The research examines Teach to One, a “personalized learning” program used in schools across 11 states and which has drawn support from a number of major funders, including the Gates Foundation, Chan Zuckerberg Initiative, and Netflix co-founder Reed Hastings. (Gates and CZI are also funders of Chalkbeat.)
At five schools in Elizabeth, New Jersey, students who used Teach to One didn’t improve any faster than similar students who didn’t use the program, even after three years. The results underscore the limited evidence for claims that such technology programs can dramatically improve student learning, even as they have become magnets for philanthropic dollars.
“The original aspirations, that Teach to One programs were going to have huge positive effects on math scores — we can rule that out with these studies,” said Jonah Rockoff, a Columbia professor who studied an earlier iteration of the program.
Teach to One says its approach is designed to help students steadily learn math skills, regardless of how unprepared or advanced they are. Students spend time on a computer as well as with a teacher and working in small groups. Students receive individualized schedules each day based on their progress, and a computer program adapts the curriculum to students’ strengths and weaknesses in the form of a “playlist.”
New Classrooms, the organization behind Teach To One, suggests that the Elizabeth results aren’t the full story.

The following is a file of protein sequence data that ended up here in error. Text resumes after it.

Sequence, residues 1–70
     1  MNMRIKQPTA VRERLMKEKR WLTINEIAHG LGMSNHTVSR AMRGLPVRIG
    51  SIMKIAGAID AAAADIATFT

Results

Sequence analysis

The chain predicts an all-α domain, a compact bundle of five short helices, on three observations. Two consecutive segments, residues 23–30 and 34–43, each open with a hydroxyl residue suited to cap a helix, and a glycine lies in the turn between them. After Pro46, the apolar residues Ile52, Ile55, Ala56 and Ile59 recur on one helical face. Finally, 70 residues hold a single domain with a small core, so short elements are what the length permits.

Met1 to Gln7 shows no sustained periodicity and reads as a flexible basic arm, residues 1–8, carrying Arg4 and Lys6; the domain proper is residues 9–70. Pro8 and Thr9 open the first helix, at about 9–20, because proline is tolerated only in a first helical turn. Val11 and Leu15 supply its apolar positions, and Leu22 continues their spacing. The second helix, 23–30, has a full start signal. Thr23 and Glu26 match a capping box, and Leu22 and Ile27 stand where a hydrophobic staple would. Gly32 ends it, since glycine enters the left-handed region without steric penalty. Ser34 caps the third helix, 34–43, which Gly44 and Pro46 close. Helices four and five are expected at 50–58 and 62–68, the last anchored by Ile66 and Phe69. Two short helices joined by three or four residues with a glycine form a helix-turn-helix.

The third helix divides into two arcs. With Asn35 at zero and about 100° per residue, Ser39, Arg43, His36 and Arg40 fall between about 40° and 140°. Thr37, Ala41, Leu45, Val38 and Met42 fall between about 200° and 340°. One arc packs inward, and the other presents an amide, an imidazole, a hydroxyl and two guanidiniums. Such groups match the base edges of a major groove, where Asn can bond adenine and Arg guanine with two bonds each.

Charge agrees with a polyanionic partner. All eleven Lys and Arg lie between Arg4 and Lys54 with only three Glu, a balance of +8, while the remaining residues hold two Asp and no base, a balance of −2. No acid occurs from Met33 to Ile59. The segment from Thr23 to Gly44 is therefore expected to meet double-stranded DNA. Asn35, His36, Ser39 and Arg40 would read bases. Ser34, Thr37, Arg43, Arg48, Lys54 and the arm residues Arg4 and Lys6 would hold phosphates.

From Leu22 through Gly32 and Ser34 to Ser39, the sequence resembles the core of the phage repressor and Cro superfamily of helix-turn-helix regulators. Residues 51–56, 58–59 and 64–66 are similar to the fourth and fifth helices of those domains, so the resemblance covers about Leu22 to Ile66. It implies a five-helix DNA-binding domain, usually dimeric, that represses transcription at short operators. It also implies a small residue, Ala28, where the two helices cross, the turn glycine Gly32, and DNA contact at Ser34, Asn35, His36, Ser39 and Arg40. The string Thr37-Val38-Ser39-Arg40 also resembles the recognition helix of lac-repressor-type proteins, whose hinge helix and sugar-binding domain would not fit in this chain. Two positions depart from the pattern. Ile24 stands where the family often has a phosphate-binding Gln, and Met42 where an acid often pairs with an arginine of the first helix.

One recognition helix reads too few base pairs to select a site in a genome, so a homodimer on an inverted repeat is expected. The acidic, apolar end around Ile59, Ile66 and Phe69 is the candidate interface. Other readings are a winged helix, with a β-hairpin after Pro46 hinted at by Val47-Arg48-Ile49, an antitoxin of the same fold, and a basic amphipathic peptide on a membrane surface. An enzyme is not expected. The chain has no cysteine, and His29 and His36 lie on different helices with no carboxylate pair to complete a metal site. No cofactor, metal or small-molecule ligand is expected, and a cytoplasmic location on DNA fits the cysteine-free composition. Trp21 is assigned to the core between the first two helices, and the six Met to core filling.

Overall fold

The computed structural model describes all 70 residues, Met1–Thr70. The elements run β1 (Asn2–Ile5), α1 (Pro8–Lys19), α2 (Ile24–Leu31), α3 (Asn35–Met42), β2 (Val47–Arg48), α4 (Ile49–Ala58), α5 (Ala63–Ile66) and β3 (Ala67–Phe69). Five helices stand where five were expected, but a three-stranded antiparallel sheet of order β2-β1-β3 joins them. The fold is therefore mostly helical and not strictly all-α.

It points to a separate analysis released this week that looks at a broader group of schools — 14, from several districts — that used the program. That study shows Teach to One students making above-average gains on a test known as the MAP, which is taken on a computer with questions changing as students answer correctly or incorrectly.
New Classrooms co-founder Joel Rose suggested in a statement that those computer-adaptive tests capture something that state tests can miss: students’ progress.
“What seems to be emerging is a real tension in math between approaches focused on long-term academic growth and state accountability systems,” he said.
Rockoff said there might be something to New Classroom’s argument that the study using adaptive test is better able to showcase students’ gains. “If [students] are at a grade four level but they’re in grade six, teaching them grade four material is going to hurt them on the state test,” he said.
But the author of the second study, Jesse Margolis, and a number of other researchers who spoke to Chalkbeat note that it cannot show whether Teach to One caused any of the students’ gains, though — a major limitation.
“While this study cannot establish causality, it is encouraging,” Margolis wrote. (The New Jersey study is better able to establish cause and effect, but it also has limitations and does not rely on random assignment.)
The New Jersey study isn’t the first to show that Teach to One didn’t improve test scores: so did Rockoff’s 2015 report on three New York City middle schools that looked at both state and MAP tests.
One possible explanation is that Teach to One is helpful to students in some places but not others. Margolis said his study examined the same five Elizabeth schools as the Columbia study and also found minimal gains there, but that schools elsewhere seemed to see larger improvements.
Researcher John Pane of RAND, a leader in studying personalized learning, says the results are important to understanding a field with limited research to date.
“Because we have so little evidence on personalized learning,” he said, “every data point can be helpful for us to start triangulating and piecing together what works and what doesn’t work.”